Only then did we get into the how of adjusting my personal finances to make it happen. This overall process not only helped me to set my personal vision and get started, but it also would help develop my own personal approach to financial planning.

Use Your Wealth With Your Family

We might have an idea of what we want, but then change our minds. That’s actually okay, as we’ll keep getting new information that lets us refine the things that we want.

Take the example of Jack, an engineering manager and client of mine who found himself a multi-millionaire after his company went IPO. Great, he thought, I can retire by age 50 and then enjoy my wealth. So we created a spending and investment plan to adjust his financial trajectory to meet that personal vision..

However, as he and his wife welcomed their second and third kids, he realized that he now wanted a larger house with a backyard. With housing prices as they were in his area, could he still afford both the larger home and the early retirement, or would he have to delay his retirement? Which then begged the question: Do we really need to lock a large down payment into our home with a large monthly payment? Or go with a smaller home but have more money left over? Could I work a little longer to get both?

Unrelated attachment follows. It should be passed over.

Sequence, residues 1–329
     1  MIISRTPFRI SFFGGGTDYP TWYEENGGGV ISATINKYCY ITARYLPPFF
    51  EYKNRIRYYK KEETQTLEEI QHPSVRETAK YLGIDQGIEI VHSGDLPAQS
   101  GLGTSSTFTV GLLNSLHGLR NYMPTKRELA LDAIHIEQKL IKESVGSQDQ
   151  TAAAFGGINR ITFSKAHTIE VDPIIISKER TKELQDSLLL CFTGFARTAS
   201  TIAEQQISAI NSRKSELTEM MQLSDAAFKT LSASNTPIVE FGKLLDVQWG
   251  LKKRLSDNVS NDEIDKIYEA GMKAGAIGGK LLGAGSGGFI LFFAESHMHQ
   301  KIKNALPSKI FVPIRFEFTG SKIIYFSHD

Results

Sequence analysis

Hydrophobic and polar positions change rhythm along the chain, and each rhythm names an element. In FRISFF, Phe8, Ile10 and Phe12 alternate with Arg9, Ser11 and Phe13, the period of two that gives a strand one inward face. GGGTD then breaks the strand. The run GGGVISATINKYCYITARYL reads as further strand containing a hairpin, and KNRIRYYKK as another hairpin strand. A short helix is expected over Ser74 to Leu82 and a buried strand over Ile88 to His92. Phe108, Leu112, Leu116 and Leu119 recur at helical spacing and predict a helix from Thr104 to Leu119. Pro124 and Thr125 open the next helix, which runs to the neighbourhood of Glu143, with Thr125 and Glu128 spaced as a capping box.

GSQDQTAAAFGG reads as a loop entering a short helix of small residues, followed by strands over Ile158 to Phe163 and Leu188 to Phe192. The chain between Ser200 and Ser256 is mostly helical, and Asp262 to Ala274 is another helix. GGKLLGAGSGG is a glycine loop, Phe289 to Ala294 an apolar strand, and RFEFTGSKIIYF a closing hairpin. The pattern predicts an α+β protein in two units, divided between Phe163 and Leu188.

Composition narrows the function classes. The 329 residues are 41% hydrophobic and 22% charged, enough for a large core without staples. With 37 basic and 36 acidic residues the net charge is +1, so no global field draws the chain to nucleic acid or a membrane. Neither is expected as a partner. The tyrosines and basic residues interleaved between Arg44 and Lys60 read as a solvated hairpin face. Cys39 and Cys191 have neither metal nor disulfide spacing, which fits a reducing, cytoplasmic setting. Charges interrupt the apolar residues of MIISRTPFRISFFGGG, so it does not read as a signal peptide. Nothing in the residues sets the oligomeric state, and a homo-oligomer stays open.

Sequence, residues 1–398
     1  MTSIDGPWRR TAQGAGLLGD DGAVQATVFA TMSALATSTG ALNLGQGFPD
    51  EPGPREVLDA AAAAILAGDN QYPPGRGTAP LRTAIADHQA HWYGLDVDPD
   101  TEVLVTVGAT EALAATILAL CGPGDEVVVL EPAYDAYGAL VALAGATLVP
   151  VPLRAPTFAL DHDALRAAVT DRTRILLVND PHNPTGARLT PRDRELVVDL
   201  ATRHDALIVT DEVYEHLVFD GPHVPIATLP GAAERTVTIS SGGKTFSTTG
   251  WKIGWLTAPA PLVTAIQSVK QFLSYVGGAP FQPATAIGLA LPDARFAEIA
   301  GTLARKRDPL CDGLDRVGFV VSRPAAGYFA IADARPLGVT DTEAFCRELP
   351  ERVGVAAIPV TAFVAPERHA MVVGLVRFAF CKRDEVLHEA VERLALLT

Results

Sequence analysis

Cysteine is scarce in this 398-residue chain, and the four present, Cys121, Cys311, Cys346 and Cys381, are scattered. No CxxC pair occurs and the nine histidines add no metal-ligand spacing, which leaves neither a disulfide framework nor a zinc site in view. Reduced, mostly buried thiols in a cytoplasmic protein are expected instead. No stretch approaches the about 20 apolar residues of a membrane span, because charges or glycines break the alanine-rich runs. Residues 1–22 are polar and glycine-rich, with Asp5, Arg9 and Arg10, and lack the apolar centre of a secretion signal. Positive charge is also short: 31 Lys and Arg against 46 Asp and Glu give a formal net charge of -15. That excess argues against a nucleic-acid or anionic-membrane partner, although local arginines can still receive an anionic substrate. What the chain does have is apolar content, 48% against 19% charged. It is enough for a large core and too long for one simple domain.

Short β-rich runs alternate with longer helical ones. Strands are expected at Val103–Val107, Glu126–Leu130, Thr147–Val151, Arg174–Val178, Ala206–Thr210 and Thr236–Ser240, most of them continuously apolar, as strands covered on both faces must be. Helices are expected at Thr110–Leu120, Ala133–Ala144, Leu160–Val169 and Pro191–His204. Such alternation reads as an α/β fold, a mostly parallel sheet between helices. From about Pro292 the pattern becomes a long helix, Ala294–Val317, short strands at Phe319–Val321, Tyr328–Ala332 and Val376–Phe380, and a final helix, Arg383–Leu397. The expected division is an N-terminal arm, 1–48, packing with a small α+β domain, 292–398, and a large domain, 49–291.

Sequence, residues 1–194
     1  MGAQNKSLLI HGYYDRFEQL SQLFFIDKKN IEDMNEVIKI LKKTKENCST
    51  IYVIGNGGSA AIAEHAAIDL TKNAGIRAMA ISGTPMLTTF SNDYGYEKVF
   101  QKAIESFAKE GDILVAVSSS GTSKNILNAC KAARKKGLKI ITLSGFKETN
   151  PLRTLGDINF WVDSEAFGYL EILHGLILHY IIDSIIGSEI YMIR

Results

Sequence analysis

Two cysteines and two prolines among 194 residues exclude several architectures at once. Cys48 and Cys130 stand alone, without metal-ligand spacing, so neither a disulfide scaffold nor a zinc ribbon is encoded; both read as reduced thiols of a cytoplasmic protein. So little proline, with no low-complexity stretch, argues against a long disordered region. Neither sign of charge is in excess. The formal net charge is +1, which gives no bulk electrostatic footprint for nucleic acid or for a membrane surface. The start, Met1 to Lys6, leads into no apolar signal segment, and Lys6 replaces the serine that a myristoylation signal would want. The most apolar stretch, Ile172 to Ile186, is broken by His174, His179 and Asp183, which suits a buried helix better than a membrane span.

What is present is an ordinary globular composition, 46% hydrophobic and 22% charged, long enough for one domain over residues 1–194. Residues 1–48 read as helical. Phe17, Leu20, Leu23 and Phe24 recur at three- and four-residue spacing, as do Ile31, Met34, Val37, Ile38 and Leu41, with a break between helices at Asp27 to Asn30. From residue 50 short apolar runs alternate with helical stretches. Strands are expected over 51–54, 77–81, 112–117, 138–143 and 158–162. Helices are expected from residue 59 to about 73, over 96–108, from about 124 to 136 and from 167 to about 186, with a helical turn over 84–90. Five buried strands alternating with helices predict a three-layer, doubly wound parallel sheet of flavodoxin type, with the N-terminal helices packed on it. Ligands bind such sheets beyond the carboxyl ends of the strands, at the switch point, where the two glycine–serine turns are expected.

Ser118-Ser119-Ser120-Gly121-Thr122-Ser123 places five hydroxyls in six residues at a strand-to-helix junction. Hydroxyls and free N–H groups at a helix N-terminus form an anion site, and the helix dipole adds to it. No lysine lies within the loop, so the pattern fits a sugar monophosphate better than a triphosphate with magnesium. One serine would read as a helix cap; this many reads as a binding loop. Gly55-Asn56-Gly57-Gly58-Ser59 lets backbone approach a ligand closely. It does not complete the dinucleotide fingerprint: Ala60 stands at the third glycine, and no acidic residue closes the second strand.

Both of these directions lead to distinct outcomes. In the first scenario, the larger house would cost more in the short term, but should have greater value in the long run. Jack (or his kids, if they eventually inherited it) wouldn’t realize that value until the house was sold, perhaps decades down the line. In the second situation, Jack could take the money saved and spend it on his family. Postponing his retirement might let him afford both options, but would leave him with less time to spend with his family.

Ultimately, the takeaway here is: is your vision to use your wealth for family happiness and well-being now, or to leave more wealth and long term security to your family in the distant future?

Be Ready For Life’s Uncertainties